The tie-up between Sainsbury’s and Home Retail Group is unlikely to cause any major competition concerns, according to a leading competition expert.
The £1.4bn takeover by Sainsbury’s should sail through government competition assessments because the two businesses are too different to provoke fears of a monopoly, said Vivienne Robinson, an independent competition consultant.
She forecast that the government’s Competition & Markets Authority would give clearance to the deal in the first stage of the process without asking Sainsbury’s or Home Retail Group to voluntarily sell off any of their branches.
The Home Retail Group board unanimously backed the takeover by Sainsbury’s at the beginning of the month, meaning the deal will go ahead subject to the CMA giving approval in phase one of the process. If the investigation enters phase two of the process, Sainsbury’s will have an option to pull out of the merger.
As part of phase one, the businesses will have to submit a merger notice - answering questions on the size of the business and competition - which the CMA will have 40 working days to review. The CMA will then grant permission for the merger to take place unless significant competition concerns are raised, in which case it could ask the businesses to voluntarily sell off some branches. If this does not remedy the situation, it will launch phase two: a more in-depth investigation that is generally limited to 24 weeks.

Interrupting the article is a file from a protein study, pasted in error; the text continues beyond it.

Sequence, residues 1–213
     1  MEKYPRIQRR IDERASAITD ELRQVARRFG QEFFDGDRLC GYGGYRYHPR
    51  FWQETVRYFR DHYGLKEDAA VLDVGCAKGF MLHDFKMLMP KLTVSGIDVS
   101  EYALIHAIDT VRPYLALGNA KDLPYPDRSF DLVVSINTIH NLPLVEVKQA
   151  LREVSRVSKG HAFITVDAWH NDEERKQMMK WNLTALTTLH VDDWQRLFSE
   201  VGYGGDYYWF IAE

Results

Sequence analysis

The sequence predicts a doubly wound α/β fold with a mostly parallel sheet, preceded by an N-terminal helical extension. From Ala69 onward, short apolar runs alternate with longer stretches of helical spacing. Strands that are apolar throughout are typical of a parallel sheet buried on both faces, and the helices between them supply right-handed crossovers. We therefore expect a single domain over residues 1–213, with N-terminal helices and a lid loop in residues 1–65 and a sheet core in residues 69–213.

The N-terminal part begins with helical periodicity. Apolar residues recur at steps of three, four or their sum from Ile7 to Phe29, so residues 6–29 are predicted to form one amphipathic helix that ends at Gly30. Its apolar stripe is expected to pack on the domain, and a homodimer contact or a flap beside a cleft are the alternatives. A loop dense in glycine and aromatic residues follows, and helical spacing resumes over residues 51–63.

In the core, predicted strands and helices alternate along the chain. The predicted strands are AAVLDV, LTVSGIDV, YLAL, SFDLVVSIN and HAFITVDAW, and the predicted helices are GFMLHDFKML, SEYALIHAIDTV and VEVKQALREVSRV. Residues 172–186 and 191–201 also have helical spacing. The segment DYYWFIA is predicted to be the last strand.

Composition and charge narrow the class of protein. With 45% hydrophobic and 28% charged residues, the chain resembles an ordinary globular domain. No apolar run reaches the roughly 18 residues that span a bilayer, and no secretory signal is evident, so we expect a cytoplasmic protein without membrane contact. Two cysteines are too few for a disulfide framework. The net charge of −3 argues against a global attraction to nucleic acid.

Robinson doubted Sainsbury’s would need to sell off branches because there was “a lot of competition” and choice of retailers for the goods sold by Sainsbury’s and Home Retail Group. Even if Sainsbury’s planned to convert some Argos stores into supermarket branches, this should not warrant a phase two investigation, she argued. “Sainsbury’s could become a monopoly in some local areas but there’s no law against becoming a monopoly in one area,” she said.
Charles Livingstone, partner in the public law and regulatory team at law firm Brodies, was more cautious over the outcome. He did not rule out the possibility of Sainsbury’s and Argos needing to voluntarily sell off branches or enter a phase two investigation. The outcome would largely depend on consumer response to the merger, he explained. “What the CMA takes most seriously is consumer complaints - not so much individuals but someone like Which? or another consumer body, that’s the kind of thing the CMA takes very seriously.”